What is formal?

  • (adj): Refined or imposing in manner or appearance; befitting a royal court.
    Synonyms: courtly, elegant, stately
    See also — Additional definitions below

Formal

Formal, (adj.) relating to an established hierarchy, procedure or set of specific behaviors.

Read more about Formal.

Some articles on formal:

Formal - Computer Science
... Formal methods, mathematically-based techniques for the specification, development and verification of software and hardware systems Formal specification ...
Informal Learning - Formal and Nonformal Education
... informal learning it is useful to define the terms "formal" and "non-formal" education ... Merriam, Caffarella, and Baumgartner (2007), state "Formal education is highly institutionalized, bureaucratic, curriculum driven, and formally recognized with grades, diplomas, or certificates ... Merriam and others (2007), also state "The term non-formal has been used most often to describe organized learning outside of the formal education system ...
David Rumelhart
... March 13, 2011) was an American psychologist who made many contributions to the formal analysis of human cognition, working primarily within the ... He also admired formal linguistic approaches to cognition, and explored the possibility of formulating a formal grammar to capture the structure of stories ...
Cauchy Product - Series
... the sequences to be terms of two strictly formal (not necessarily convergent) series usually, of real or complex numbers ... "Formal" means we are manipulating series in disregard of any questions of convergence ... See in particular formal power series ...
Formal Calculation
... In mathematical logic, a formal calculation is a calculation which is systematic, but without a rigorous justification ... However, this interpretation of the term formal is not universally accepted, and some consider it to mean quite the opposite A completely rigorous argument, as in formal mathematical logic ...

More definitions of "formal":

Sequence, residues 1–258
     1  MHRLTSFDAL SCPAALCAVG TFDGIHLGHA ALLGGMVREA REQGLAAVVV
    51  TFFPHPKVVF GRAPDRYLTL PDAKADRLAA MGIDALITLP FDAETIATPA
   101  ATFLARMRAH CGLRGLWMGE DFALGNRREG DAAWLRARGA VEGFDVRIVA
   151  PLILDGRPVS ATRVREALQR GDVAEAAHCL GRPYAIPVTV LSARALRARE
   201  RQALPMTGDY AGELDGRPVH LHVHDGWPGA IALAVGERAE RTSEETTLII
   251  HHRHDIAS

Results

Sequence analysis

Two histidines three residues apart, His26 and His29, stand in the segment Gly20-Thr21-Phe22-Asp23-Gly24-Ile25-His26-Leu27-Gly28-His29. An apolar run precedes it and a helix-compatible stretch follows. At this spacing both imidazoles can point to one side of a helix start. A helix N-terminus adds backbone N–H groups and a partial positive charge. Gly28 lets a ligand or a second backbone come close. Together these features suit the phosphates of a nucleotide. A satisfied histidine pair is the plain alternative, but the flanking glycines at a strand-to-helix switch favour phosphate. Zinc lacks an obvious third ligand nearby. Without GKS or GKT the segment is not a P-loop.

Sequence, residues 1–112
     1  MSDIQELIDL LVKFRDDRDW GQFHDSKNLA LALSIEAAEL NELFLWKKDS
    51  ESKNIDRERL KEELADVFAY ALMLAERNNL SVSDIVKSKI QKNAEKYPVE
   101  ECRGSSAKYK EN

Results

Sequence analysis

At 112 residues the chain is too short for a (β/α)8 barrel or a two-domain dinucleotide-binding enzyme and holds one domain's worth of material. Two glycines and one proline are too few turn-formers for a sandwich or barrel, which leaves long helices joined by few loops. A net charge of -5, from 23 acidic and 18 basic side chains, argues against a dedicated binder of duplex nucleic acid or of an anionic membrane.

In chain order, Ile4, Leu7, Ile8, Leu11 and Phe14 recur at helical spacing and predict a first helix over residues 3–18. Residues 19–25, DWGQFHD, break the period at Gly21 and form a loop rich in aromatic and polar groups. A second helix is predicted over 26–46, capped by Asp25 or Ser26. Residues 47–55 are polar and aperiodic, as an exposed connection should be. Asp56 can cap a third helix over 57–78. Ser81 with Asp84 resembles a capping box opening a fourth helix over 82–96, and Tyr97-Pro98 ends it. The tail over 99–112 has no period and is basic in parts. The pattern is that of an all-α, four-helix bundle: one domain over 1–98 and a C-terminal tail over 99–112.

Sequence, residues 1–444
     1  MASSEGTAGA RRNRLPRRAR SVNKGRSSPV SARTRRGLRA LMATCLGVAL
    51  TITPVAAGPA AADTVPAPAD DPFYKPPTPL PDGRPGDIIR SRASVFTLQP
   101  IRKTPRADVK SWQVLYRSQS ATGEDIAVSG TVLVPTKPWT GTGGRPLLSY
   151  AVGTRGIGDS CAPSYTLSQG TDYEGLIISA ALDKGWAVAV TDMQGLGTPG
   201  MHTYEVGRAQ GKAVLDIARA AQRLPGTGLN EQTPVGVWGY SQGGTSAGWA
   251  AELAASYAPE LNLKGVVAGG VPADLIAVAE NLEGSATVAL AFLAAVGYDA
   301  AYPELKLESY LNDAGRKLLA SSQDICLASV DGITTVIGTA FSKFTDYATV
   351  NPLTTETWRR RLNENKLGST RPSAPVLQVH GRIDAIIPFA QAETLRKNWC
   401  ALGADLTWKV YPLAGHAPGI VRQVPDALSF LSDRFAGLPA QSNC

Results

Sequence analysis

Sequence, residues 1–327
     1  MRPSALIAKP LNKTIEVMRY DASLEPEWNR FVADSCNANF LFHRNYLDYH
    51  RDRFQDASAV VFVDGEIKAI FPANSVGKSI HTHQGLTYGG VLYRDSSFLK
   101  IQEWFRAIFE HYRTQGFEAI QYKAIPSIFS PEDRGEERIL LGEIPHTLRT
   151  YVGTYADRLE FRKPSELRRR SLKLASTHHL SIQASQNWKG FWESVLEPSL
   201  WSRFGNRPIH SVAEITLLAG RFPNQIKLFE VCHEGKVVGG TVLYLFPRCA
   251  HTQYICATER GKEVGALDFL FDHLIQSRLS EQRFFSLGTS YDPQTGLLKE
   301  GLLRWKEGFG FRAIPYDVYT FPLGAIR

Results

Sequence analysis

• (adj): Characteristic of or befitting a person in authority.
    Example: "Formal duties"; "an official banquet"
  • (adj): Being in accord with established forms and conventions and requirements (as e.g. of formal dress).
    Example: "Pay one's formal respects"; "formal dress"; "a formal ball"; "the requirement was only formal and often ignored"; "a formal education"
  • (adj): (of spoken and written language) adhering to traditional standards of correctness and without casual, contracted, and colloquial forms.
    Example: "The paper was written in formal English"
  • (adj): Logically deductive.
    Example: "Formal proof"

Famous quotes containing the word formal:

    It is in the nature of allegory, as opposed to symbolism, to beg the question of absolute reality. The allegorist avails himself of a formal correspondence between “ideas” and “things,” both of which he assumes as given; he need not inquire whether either sphere is “real” or whether, in the final analysis, reality consists in their interaction.
    Charles, Jr. Feidelson, U.S. educator, critic. Symbolism and American Literature, ch. 1, University of Chicago Press (1953)

    The conviction that the best way to prepare children for a harsh, rapidly changing world is to introduce formal instruction at an early age is wrong. There is simply no evidence to support it, and considerable evidence against it. Starting children early academically has not worked in the past and is not working now.
    David Elkind (20th century)

    This is no argument against teaching manners to the young. On the contrary, it is a fine old tradition that ought to be resurrected from its current mothballs and put to work...In fact, children are much more comfortable when they know the guide rules for handling the social amenities. It’s no more fun for a child to be introduced to a strange adult and have no idea what to say or do than it is for a grownup to go to a formal dinner and have no idea what fork to use.
    Leontine Young (20th century)